Apologies for being behind on posting these. It’s been a somewhat hectic and brutal time.
I took this last night while alone on the beach with no one in sight. Pelicans skimmed the waves looking for their last fish before the sun set, while the moon rose behind me.
Offshore drilling changes the landscape. Not just physically. It changes the ecology, the balance, the creation. It changes nights like these.
If some problem were really solved, then it might be worth the discussion. But the only problem solved with offshore drilling is that it gives a fatter bottom line to the oil companies by adding those leases as assets. It doesn’t address the question of increased refinery output, which is really more critical than the oil we have, and there are no guarantees that oil drilled here would remain here. Public companies are in bondage to the bottom line. Selling domestic oil at market prices will be their first priority, no matter who the buyer is. Expect China to lead on the buying market, meaning that oil companies will be richer, but oil prices won’t drop significantly, nor will your prices at the pump.
This is a critical issue. Far too many Americans believe that offshore drilling is the instant panacea to high gas and oil prices. In fact, the weak dollar is a far higher cause of inflated oil prices. A better and more effective strategy for easing prices at the pump is to leave the shoreline alone, and focus on shoring up the dollar.
No offshore drilling. Platforms would mar this landscape
Paul Krugman hits the nail right on the head with his op-ed today. It’s one of my biggest ulcer-churners, this idea of the politics of stupid.
And the debate on energy policy has helped me find the words for something I’ve been thinking about for a while. Republicans, once hailed as the party of ideas, have become the party of stupid.
Now, I don’t mean that G.O.P. politicians are, on average, any dumber than their Democratic counterparts. And I certainly don’t mean to question the often frightening smarts of Republican political operatives.
What I mean, instead, is that know-nothingism the insistence that there are simple, brute-force, instant-gratification answers to every problem, and that there’s something effeminate and weak about anyone who suggests otherwise has become the core of Republican policy and political strategy. The party’s de facto slogan has become: “Real men don’t think things through“.
Thankfully, Krugman also puts part of the blame where it belongs: On the shoulders of the media and pundit elite, who allow these memes to reproduce and populate across all of the networks, in the context of the Iraq war:
What’s more, the politics of stupidity didn’t just appeal to the poorly informed. Bear in mind that members of the political and media elites were more pro-war than the public at large in the fall of 2002, even though the flimsiness of the case for invading Iraq should have been even more obvious to those paying close attention to the issue than it was to the average voter.
I remember one or two pundits who weren’t so quick to embrace the idea. I still have the image of Wes Clark on CNN saying that going into Iraq was going to fail if Americans didn’t accept the corresponding truth of a long-term commitment and occupation. His words echoed mine, but evidently were only one of about 200 who heard and/or said it. Conventional wisdom today still dictates affirmation of the decision. Most of the negativity you hear around the Iraq war has to do with what we did once we were there, rather than the decision to be there in the first place.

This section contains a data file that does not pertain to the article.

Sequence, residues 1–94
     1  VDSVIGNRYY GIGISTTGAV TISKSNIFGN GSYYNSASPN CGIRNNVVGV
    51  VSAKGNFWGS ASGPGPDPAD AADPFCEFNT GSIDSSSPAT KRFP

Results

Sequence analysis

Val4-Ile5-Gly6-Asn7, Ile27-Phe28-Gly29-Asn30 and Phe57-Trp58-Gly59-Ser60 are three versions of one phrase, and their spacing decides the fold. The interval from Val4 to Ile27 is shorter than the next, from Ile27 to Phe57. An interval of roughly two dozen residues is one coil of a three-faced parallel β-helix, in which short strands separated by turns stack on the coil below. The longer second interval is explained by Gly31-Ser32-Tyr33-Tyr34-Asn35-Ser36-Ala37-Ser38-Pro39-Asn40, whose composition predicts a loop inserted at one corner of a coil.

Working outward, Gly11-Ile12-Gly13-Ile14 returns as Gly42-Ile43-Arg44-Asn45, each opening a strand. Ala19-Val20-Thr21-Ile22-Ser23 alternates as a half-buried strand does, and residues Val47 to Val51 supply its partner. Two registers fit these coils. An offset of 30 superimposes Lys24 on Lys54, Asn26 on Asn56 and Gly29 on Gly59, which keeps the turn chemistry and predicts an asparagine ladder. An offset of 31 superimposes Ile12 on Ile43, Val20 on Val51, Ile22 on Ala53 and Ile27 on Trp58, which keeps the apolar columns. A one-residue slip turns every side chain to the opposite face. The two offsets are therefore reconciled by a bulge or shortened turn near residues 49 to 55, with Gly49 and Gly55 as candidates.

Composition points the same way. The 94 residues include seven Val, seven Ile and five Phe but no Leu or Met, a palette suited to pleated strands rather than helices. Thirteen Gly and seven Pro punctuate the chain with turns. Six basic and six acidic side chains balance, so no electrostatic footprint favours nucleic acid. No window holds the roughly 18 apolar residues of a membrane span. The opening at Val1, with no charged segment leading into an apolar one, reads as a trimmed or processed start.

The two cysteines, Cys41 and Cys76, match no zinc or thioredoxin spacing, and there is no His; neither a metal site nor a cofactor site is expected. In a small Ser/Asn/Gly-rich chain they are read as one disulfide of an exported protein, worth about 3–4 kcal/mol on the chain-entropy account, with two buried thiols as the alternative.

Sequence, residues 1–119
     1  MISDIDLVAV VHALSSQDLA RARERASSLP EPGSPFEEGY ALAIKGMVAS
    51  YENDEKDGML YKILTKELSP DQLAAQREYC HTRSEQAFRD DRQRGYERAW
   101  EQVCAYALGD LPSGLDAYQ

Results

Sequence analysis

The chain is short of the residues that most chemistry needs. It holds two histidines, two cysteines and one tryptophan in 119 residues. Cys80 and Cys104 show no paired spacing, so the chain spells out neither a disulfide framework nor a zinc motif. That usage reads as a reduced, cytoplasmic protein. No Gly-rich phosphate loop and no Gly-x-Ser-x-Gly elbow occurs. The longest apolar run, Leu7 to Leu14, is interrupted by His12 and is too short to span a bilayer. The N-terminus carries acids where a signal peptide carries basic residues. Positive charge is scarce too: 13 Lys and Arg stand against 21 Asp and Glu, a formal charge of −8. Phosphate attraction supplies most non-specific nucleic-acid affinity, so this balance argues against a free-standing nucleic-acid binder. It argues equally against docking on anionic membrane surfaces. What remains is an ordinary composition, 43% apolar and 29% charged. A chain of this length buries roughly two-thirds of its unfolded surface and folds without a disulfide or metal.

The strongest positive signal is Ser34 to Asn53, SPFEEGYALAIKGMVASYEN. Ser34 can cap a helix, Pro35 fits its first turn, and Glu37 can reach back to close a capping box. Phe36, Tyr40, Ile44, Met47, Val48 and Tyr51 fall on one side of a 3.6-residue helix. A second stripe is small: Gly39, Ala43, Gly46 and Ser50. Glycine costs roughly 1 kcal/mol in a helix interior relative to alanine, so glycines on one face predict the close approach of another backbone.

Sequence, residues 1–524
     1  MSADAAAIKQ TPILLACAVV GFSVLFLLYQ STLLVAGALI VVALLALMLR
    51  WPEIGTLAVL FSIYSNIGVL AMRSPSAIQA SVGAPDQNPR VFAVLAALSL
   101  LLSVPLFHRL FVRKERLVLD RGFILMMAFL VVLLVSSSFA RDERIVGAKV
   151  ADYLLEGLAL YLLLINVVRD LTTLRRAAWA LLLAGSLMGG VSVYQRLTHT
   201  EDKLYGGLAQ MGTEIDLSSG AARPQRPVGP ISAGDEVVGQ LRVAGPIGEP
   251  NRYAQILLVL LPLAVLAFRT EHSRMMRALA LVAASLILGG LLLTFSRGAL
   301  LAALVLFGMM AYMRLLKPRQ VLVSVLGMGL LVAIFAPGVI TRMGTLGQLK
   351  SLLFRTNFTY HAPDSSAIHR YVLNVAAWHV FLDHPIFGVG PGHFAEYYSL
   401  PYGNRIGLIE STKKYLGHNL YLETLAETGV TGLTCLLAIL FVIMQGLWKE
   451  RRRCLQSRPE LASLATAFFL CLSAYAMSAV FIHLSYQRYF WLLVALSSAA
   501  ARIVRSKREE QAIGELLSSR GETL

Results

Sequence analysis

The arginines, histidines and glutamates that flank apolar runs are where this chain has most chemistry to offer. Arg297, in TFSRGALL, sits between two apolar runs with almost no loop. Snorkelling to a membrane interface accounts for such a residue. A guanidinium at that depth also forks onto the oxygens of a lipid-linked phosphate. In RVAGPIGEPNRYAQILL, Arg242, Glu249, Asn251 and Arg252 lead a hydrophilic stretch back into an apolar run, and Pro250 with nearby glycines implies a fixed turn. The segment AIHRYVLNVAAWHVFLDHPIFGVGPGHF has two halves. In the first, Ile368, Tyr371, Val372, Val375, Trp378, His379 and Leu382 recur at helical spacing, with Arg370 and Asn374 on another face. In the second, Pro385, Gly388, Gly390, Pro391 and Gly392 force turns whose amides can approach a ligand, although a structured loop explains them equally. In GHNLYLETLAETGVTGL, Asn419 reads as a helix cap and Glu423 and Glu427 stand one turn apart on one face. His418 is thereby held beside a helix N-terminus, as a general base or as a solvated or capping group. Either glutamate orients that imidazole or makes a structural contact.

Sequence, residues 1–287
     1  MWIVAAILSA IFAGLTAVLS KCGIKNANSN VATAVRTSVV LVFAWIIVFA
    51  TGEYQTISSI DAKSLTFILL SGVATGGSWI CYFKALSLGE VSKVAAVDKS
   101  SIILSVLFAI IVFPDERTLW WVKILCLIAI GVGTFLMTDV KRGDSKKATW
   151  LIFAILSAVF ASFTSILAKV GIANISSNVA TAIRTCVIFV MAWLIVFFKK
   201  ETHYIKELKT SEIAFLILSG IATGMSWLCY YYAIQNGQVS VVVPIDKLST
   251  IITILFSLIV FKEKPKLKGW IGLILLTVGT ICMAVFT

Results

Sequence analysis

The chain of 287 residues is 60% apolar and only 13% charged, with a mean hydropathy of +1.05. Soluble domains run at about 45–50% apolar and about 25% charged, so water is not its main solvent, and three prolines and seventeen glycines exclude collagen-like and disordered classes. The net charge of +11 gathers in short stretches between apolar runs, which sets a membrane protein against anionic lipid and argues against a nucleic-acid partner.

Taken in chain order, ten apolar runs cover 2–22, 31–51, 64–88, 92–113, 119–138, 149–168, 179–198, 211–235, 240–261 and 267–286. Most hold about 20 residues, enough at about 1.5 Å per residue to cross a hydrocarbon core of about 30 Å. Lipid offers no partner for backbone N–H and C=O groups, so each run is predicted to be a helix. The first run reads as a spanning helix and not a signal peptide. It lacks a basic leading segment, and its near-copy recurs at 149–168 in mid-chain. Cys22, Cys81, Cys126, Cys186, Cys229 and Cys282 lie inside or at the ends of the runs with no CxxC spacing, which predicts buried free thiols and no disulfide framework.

This idea of the ‘politics of stupid’ was driven home to me once again when I read some of the blog responses to Krugman’s column. Consider this one from the Weekly Standard:
Obama’s base, as typified by Krugman, urges a declinist austerity platform, at least until solar power comes on line in 2064. The column is must reading to see the state of the art in Democratic circles regarding the energy debate.
Nearly unintelligible to the thinker, what it says to the simple is that Democrats want you to suffer. Hmmm, did Karl Rove write that column or what? Here’s a newsflash: Solar energy is online now. Maybe not the way it could be, but that’s not our fault. Tell the oil companies to quit stonewalling the patents and lobbying against renewal of incentives.
Or there’s this one from Peggy Noonan over at the Rupert Murdoch rag, the Wall Street Journal:
As for Mr. McCain, I think he had the best moment of the month this week at the big motorcycle convention in Sturgis, S.D., when he was greeted with that mighty roar. And his great line: “As you may know, not long ago a couple hundred thousand Berliners made a lot of noise for my opponent. I’ll take the roar of 50,000 Harleys any day.” Oh, that was good.
This followed Noonan’s ridicule of Obama for his incredibly successful European tour capped by his appearance at the Berlin gate, an appearance that Noonan claims was unearned.
Oh, and that just bangs at the heart of every jealous American out there, the American who missed his/her moment in the sun, the American who envies his neighbor’s pretty wife or her co-worker’s new car.
It appeals to the ugly humanity in all of us.
I suppose it’s the only reasonable counterspin they have in their toolbox. With an incredibly inept and pathetic candidate of their own, the only hope they have is that stupid prevails.
From one of the more vocal #dontgo proponents on Twitter, ericjodom, this tweet earlier today:
Hearing that MovOn claims @ExxonMobilCorp is paying for all of the #dontgo sites that I own and host. Little pissed that I wasn’t told this.